Bushway, L. J., Dickinson, J. L., Stedman, R. C., Wagner, L. P. & Weinstein, D. A. 2011. Benefits, motivations and barriers related to environmental volunteerism for older adults: Developing a research agenda. International Journal of Aging & Human Development, 72. Pp- 189-206.

Chang, S., Kenneth, S., Levy, S., Wang, Y., Lee, E., & Levy, R. 2020. The global reach of ageism on older persons’ health: A systematic review. PloS one, 15(1), e0220857.

Costello, A. et al., 2009. Managing the health effects of climate change. The Lancet, 373: 1693-1733. Available at

Doha Declaration on Climate, Health and Wellbeing. (accessed October 2021)

Deffenbaugh, N., & Burke, M. 2019. Global warming has increased global economic inequality. PNAS, 116 (20) 9808-9813. Available at

Frumkin, H. (2012) Aging, climate change and legacy thinking. American Journal of Public Health, 102(8): 1434-1438. (accessed August 2021)

Ghorani-Azam, A., Riahi-Zanjani, B., & Balali-Mood, M. 2016. Effects of air pollution on human health and practical measures for prevention in Iran. Journal of research in medical sciences: the official journal of Isfahan University of Medical Sciences, 21, 65.

Haq, G. (2017) Growing old in a changing climate. Public Policy & Aging Report, 27(1): 8-12.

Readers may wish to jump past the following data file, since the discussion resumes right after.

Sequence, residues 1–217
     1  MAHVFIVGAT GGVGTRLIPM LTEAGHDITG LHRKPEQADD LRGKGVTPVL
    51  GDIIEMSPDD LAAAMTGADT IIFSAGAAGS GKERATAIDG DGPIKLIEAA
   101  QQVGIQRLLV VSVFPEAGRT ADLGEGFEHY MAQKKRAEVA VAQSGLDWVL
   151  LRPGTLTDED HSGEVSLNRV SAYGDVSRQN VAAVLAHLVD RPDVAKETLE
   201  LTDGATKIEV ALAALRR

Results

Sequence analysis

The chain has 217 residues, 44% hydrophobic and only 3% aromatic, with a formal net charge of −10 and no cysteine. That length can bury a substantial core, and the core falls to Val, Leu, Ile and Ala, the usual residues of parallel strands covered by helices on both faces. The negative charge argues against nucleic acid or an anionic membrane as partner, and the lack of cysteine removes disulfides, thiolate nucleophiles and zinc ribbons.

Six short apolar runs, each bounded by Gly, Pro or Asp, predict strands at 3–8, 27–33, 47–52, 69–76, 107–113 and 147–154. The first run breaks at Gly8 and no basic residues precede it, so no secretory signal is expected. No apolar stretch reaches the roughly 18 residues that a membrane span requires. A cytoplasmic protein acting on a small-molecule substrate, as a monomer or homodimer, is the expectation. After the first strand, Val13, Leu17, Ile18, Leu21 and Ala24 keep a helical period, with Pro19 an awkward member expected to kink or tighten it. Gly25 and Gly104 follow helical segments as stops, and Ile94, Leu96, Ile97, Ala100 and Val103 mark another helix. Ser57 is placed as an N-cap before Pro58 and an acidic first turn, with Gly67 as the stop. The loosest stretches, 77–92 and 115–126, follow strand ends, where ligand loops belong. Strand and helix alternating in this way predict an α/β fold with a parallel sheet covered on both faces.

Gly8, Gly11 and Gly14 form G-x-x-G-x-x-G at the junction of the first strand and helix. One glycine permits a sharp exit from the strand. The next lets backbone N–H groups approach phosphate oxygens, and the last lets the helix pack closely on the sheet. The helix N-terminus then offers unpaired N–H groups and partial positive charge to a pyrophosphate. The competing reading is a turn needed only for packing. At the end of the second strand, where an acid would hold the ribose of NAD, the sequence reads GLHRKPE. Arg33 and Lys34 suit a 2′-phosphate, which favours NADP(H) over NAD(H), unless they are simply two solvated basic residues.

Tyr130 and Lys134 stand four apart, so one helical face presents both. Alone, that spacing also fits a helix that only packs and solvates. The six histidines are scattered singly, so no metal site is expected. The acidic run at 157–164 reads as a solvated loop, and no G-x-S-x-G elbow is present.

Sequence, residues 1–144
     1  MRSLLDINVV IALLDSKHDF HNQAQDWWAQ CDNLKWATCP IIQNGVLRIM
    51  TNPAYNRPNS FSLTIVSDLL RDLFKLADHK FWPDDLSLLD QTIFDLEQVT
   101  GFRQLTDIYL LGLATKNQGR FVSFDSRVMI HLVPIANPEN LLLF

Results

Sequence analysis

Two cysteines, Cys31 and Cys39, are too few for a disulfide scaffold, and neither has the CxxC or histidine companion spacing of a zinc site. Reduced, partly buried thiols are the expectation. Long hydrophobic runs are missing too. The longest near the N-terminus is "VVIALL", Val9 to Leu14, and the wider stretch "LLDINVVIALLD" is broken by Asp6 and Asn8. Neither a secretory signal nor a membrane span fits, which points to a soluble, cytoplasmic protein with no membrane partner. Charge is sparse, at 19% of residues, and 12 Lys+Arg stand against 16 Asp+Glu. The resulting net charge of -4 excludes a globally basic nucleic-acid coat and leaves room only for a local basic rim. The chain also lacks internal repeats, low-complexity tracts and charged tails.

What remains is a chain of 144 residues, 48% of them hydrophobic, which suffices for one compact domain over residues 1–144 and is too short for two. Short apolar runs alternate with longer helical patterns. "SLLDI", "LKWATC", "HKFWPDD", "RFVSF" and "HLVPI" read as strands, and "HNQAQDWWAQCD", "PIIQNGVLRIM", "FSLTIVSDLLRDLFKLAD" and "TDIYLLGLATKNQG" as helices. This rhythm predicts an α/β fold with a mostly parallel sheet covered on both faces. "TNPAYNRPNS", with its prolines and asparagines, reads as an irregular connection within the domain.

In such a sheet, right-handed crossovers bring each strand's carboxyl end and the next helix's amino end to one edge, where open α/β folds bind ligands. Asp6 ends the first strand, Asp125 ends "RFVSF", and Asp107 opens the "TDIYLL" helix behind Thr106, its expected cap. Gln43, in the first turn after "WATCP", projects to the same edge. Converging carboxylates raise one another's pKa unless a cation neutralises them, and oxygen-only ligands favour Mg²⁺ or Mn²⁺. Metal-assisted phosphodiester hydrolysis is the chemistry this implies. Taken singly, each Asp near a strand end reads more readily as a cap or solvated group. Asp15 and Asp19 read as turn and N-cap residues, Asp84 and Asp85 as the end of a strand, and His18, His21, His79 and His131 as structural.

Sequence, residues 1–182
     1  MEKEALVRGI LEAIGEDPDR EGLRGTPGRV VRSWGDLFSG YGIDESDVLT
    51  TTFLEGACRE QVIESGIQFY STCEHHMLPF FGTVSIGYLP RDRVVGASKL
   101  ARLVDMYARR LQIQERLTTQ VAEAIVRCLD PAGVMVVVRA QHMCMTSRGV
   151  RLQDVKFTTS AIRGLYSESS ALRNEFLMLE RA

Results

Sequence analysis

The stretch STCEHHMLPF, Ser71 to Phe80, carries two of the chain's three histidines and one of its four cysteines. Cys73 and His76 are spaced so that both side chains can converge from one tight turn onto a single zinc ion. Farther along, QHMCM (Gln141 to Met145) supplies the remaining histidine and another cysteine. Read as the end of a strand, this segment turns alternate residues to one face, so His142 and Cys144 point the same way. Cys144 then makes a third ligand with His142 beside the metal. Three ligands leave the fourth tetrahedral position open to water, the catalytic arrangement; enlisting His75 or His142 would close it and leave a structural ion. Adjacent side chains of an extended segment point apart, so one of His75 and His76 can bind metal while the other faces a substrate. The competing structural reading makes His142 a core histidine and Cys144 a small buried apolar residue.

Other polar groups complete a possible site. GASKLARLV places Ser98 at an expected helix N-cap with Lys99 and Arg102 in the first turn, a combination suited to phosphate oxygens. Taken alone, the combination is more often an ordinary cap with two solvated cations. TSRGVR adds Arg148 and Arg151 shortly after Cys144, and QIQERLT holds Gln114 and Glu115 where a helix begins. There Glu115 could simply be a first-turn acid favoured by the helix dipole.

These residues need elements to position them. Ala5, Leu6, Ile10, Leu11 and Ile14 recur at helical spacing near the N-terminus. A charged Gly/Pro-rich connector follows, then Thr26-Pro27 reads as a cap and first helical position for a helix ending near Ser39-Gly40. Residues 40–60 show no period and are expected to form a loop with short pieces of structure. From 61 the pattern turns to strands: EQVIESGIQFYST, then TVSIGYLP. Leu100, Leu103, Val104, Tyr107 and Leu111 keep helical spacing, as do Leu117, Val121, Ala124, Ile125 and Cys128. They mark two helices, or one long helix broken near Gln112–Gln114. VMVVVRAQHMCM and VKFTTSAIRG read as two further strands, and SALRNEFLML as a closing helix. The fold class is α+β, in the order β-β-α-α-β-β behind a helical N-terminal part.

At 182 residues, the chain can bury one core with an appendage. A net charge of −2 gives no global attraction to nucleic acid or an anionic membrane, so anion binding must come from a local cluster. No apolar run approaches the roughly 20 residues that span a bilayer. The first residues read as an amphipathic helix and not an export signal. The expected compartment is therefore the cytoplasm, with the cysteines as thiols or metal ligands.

Hudson, R. 2017. Grey and Green Together: Climate Change in an Ageing World. Public Policy & Aging Report, 27(1). Available at

Jones, L. 2020. Why grandparents should talk to children about the natural world

of their youth. The Conversation. Available at

Kanasi, Eleni; Ayilavarapu, Srinivas; Jones, Judith. 2016. The ageing population: demographics and the biology of ageing. Periodontology 2000, 72(1), 13–18. Available at 10.1111/prd.12126

Span, S. 2019. Older People Are Contributing to Climate Change and Suffering From It. New York Times. Available at


Don't have time to write this essay on your own?
Use our essay writing service and save your time. We guarantee high quality, on-time delivery and 100% confidentiality. All our papers are written from scratch according to your instructions and are plagiarism free.
Place an order

Cite This Work

To export a reference to this article please select a referencing style below:

Copy to clipboard
Copy to clipboard
Copy to clipboard
Copy to clipboard
Copy to clipboard
Copy to clipboard
Copy to clipboard
Copy to clipboard
Need a plagiarism free essay written by an educator?
Order it today

Popular Essay Topics